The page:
24. Clarence Hoffman, left, and his son, Allen Hoffman, battle ground flames as they try to prevent the fire from advancing to the home of Patrick McAlister near Bastrop on Sept. 5. (Mike Stone / Reuters) Back to slideshow navigation
  25. J Cindy Cruz wipes tears from her eyes as Texas Gov. Rick Perry talks with her at Bastrop Middle School in Bastrop on Sept. 5. (Alberto Martìnez / AP) Back to slideshow navigation
  26. Residents evacuate their animals as a wildfire threatens the area near Sleepy Hollow Road and Post Oak Drive in Conroe, Texas, on Sept. 5. (Karl Anderson / The Courier via AP) Back to slideshow navigation
  27. A wildfire burns out of control in Bastrop State Park near Bastrop on Sept. 5. (Larry W. Smith / EPA) Back to slideshow navigation
  28. A large plume of smoke rises from a wildfire as onlookers watch from a hill on Sept. 5, in Bastrop. (Eric Gay / AP) Back to slideshow navigation
  29. Particia Bloodworth-Neville and her daughter Bailey Neville, 12, watch from Bluebonnet Volunteer Fire Station as a wildfire consumes land around their central Texas home on Sept. 5 in Bastrop. (Trent Lesikar / The Daily Texan via AP) Back to slideshow navigation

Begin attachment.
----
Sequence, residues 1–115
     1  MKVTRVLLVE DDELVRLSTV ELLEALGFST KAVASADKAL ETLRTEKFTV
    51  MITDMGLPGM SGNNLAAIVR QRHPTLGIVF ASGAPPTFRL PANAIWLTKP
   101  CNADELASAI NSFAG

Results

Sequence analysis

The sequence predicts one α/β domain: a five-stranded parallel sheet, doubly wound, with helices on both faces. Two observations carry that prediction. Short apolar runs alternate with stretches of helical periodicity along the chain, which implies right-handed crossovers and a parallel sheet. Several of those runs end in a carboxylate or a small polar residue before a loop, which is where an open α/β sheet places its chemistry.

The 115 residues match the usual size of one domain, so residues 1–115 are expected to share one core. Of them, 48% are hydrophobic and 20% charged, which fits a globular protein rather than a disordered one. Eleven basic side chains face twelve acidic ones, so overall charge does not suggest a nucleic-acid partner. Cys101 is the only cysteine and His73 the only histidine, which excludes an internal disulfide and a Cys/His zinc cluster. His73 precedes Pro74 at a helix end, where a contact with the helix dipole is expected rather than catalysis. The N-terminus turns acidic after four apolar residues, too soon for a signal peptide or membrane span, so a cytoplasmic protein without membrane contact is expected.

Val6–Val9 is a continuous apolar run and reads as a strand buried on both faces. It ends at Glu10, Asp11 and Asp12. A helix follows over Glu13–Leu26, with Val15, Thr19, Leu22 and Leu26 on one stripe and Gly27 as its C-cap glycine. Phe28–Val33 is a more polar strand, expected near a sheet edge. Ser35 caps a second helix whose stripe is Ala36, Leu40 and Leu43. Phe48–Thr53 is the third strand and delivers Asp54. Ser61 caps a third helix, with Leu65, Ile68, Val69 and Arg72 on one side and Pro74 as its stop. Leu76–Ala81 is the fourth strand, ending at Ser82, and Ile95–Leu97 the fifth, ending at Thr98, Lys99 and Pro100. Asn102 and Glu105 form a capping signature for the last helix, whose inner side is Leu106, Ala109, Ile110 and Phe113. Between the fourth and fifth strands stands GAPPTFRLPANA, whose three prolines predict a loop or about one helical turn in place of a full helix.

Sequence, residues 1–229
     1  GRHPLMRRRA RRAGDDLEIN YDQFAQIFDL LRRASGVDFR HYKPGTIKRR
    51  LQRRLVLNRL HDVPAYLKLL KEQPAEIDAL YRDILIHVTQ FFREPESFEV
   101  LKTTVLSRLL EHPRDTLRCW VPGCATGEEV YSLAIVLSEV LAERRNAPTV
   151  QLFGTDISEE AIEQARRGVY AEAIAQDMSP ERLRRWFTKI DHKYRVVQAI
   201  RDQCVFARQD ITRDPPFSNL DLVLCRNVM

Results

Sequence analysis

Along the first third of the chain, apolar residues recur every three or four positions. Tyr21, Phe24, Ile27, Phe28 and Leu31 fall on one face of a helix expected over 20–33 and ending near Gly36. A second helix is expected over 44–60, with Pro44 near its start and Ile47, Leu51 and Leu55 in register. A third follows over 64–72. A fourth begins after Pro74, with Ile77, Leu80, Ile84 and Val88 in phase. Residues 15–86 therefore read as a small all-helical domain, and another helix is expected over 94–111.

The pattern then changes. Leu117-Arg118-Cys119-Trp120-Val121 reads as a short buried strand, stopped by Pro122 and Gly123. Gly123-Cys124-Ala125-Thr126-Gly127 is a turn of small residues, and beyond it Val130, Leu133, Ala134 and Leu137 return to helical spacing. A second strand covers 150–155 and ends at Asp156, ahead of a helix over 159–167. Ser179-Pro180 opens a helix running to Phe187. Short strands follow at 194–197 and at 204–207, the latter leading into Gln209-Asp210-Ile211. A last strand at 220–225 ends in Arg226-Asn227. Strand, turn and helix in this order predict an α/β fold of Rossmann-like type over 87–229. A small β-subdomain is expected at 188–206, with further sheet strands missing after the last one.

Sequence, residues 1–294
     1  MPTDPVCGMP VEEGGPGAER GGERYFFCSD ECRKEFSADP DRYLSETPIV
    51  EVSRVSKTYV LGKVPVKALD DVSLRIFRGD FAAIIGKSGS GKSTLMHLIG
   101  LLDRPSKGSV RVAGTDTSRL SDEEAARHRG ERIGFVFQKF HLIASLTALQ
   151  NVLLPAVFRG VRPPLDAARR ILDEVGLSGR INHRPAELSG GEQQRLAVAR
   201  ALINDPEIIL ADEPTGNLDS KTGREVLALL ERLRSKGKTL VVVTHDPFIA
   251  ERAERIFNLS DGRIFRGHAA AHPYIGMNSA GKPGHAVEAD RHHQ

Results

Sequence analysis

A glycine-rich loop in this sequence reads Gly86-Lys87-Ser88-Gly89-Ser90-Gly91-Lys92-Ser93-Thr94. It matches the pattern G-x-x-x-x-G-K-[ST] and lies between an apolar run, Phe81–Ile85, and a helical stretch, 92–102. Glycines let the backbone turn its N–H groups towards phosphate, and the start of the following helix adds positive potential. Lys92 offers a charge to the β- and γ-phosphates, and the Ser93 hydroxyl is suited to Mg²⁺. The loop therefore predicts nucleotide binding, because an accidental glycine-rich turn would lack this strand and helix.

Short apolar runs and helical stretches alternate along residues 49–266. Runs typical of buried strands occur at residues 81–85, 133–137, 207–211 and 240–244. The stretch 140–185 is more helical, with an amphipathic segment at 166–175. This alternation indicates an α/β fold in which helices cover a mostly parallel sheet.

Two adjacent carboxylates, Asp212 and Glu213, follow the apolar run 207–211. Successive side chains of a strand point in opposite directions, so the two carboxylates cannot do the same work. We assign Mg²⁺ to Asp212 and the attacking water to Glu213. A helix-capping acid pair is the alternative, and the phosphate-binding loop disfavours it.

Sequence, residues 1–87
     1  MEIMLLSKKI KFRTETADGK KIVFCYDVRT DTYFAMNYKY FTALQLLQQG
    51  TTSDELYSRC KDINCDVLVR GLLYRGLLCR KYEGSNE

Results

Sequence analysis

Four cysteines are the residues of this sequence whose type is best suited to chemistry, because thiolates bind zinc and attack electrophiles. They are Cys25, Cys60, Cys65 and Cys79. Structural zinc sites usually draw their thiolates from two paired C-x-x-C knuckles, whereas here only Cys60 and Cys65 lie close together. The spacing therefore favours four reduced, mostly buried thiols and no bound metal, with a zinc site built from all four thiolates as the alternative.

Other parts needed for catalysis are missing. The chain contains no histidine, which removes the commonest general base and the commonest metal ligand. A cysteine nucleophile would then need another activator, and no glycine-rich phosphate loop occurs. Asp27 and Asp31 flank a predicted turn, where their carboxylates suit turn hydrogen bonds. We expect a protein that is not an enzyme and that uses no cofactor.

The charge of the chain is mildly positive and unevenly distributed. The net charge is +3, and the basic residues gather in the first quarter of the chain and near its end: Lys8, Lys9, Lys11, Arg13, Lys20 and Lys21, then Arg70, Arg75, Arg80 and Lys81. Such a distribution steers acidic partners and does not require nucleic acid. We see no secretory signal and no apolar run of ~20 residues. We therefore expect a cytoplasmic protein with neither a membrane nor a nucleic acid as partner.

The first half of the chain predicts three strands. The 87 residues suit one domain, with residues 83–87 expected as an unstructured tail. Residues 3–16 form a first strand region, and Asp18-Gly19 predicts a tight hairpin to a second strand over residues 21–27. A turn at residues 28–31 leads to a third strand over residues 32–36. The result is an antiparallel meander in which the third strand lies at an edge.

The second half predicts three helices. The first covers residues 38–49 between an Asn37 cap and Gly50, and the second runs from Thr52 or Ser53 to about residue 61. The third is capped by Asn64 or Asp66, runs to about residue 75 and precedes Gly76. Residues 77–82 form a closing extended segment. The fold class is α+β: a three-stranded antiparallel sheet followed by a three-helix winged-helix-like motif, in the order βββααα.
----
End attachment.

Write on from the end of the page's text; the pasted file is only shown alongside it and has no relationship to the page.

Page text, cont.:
30. Lone Camp Volunteer Fire Department firefighter Joe Crawford fights a wildfire on Sept. 1 in Graford, Texas. (Tom Pennington / Getty Images) Back to slideshow navigation
  31. Mike Hester holds a cat he rescued from an area destroyed by a wildfire at Possum Kingdom Lake on Aug. 31. (LM Otero / AP) Back to slideshow navigation
  32. An air tanker drops fire retardant on a hot spot at Possum Kingdom Lake on Aug. 31 after a wildfire swept through the area. (LM Otero / AP) Back to slideshow navigation
  33. Palo Pinto County Sheriff Ira Mercer looks over an area destroyed by a wildfire at Possum Kingdom Lake, Texas, on Wednesday, Aug. 31. The wildfire swept through the neighborhood Tuesday, Aug. 30, destroying 25 homes and turning the normally lush landscape into a blackened mess. (LM Otero / AP) Back to slideshow navigation